robert stowells
robert stowells
2 years ago

I always feel that Aris is on some sort of a crusade in his articles. However, I do not know, for instance, if he is pro or anti-Brexit but feel that it is one or the other in an extreme way.
There are many strands to Globalisation and here are just a few that I can identify off the top of my head:
1)     Communication – the planet getting “wired up” with internet, Twitter, WhatsApp. The developments over the last 20 years are enormous.
2)     Large companies – like Google who can perhaps now threaten with their “walled gardens” to define the very parameters of what we experience. Again this is a far bigger and more acute issue than decades ago. I used to be totally sceptical and dismissive about conspiracy theories in the 1980’s when people referred to large multinationals controlling the world. I just never believed at the time that Coca Cola would ever agree with Pepsi (etc etc – they were competitors). Now Google, for instance, “alone as a company” can limit the world that we can witness through the internet. It is a huge concern.
3)     Transport – package holiday and flights. These have probably done 100 times more to keep European peace than the EU if indeed the EU achieves any degree of a function of maintaining European peace at all. At a single stroke Germany putting reliance on Russia for their gas supply has undermined any sense that EU provided peace. Russia may decide to flex its muscles, like, or perhaps even in response to the US or China or the Middle East oil nations (probably temporary just as posturing and soon step down). Package holidays have done more in securing peace than the EU.
4)     Globalised supply chains – Global food supply chains are referred to in the article as a central trend but I see these as less major “Globalisation” and almost just the very traditional global trading environment of “supply and demand” that we have operated in for centuries. If an industry in one country feels its supply of components is not reliable then it will develop alternative sources (e.g. the issue of silicon chip supply). The UK has lorry drivers to replace any lorry drivers that it may have lost and there are also UK produced blueberries on the supermarket shelves alongside the Argentinian ones not to mention “substitutes”. Things will adjust and be mobilised, maybe not overnight, but it will happen here.

Last edited 2 years ago by robert stowells
Ian McKinney
Ian McKinney
2 years ago

Yes, yes, a thousand times yes! Well said Aris.

Andrew Lale
Andrew Lale
2 years ago

‘what we are experiencing “is the first tremors of the generalised environmental collapse of this century. Gas prices are not going to come down any time soon, and the supply chain crisis will not be resolved this year — or even next.” What is the word ‘environmental’ doing in that sentence? If we want gas prices to come down, we have vast reserves of frackable gas under Surrey. All we have to do is take it. Given that we’ve failed to provide any workable alternatives to gas, we really ought to do that.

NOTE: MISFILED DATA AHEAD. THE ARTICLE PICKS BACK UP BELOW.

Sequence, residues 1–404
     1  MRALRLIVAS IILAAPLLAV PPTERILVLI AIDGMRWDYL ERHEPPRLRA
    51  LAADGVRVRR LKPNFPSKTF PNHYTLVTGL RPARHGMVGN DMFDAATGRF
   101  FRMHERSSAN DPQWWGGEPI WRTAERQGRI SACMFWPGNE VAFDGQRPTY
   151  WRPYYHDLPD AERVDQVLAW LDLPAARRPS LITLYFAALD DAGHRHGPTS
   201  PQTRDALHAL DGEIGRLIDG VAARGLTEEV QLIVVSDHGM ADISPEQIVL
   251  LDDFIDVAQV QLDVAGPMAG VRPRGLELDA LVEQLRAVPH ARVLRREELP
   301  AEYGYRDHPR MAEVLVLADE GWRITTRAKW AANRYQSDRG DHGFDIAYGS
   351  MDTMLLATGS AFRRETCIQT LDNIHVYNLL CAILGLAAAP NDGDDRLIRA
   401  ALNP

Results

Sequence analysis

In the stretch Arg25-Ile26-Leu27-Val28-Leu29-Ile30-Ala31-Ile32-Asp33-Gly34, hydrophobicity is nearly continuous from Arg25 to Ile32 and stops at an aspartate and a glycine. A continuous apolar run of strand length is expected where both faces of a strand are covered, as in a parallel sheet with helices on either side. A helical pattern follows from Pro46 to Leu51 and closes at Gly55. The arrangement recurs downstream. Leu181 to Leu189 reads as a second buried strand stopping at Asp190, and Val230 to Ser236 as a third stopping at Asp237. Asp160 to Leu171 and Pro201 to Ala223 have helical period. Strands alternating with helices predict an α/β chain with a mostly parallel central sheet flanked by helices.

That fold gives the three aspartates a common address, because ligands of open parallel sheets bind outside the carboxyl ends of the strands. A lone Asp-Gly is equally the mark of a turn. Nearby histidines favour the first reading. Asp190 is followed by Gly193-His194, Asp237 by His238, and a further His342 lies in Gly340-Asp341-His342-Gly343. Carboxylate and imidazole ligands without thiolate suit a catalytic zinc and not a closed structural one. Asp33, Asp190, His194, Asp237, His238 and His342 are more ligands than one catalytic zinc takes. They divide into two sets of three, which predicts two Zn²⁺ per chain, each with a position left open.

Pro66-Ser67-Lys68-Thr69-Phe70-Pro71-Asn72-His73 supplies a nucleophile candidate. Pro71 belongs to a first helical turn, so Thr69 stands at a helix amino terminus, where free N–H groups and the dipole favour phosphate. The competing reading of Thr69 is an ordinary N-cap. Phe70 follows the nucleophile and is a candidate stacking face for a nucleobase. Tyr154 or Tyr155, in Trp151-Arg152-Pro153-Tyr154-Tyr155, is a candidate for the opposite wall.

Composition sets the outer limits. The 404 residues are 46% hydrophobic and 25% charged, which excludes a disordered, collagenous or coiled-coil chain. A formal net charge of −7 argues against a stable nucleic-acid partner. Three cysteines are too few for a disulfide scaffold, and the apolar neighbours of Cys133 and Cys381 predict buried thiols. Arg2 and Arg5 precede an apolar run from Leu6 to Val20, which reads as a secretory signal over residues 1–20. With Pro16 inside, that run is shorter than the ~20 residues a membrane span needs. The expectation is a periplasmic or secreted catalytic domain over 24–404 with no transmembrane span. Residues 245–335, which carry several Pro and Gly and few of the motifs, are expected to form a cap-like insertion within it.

hugh bennett
hugh bennett
2 years ago

Having criticised other recent offerings from this writer I just felt I should say this was, in my humble view, one of his better efforts . For one thing I could understand it, I didnt have to refer to my collection of dictionaries more than once, and I didnt have to take a day off to finish it!
You could argue that Trade, throughout the ages, has been an essential to the development/advancement of human societies. And given that, I broadly agreed with Aris – that there is indeed an opportunity ( for the Government) to rebalance Britain’s food system, (in the widest sense covering source, methods, labour/wages,transport etc) into a,“fairer and more resilient model”.

Jim le Messurier
Jim le Messurier
2 years ago

Quite simply, thank you for this article. This was particularly brilliant:-
And yet, in a stunning example of cognitive dissonance, we see liberal commentators who warn of the looming catastrophe of climate collapse simultaneously arguing that fragile globalised supply chains are somehow both desirable and permanent. Like the famous quote that it’s easier to imagine the end of the world than the end of capitalism, it seems it’s easier for these people to imagine total civilisational collapse than not being able to eat Kenyan strawberries in midwinter. 

Michael O'Donnell
Michael O'Donnell
2 years ago

Excellent article. One thing that the proponents of immigration seem to forget is that it encourages racism by defining certain tasks as beneath the locals and which are only suitable for Eastern Europeans or certain Asians. Overheard by my wife few years ago: A man looking at a pressure washer in a shop was thinking of buying one. His wife asked what for and he said to wash the car, she said “Why waste the money when you have Lithuanians and Kurds to do that?”
Explain to me how that isn’t racist.

Barbara Williams
Barbara Williams
2 years ago

I quote ‘blockages in the global shipping system will mean future shortages of milk and cheese, an absurd situation in a country like Britain blessed with abundant rainfall and lush grass‘. Our grass is being overlaid with concrete at a hefty pace nowadays, and our rainfall is not as evenly spread out as it used to be, with summers due to get hotter and hotter. Every day that we persist with IPAT growth economics we exacerbate climate and ecological breakdown. We operate at over three times our biocapacity, we would struggle to feed ourselves even with a maximum stretch of the imagination. You have no concept of the meaning of the word ‘crisis’. The crises have only just begun, and tragically they will never cease in your young life-time. For that I apologise – being a well-off baby-boomer who enjoyed the Great Acceleration until I realised what we had done and how bad things have now got. https://www.joboneforhumanity.org/what_most_people_do_not_understand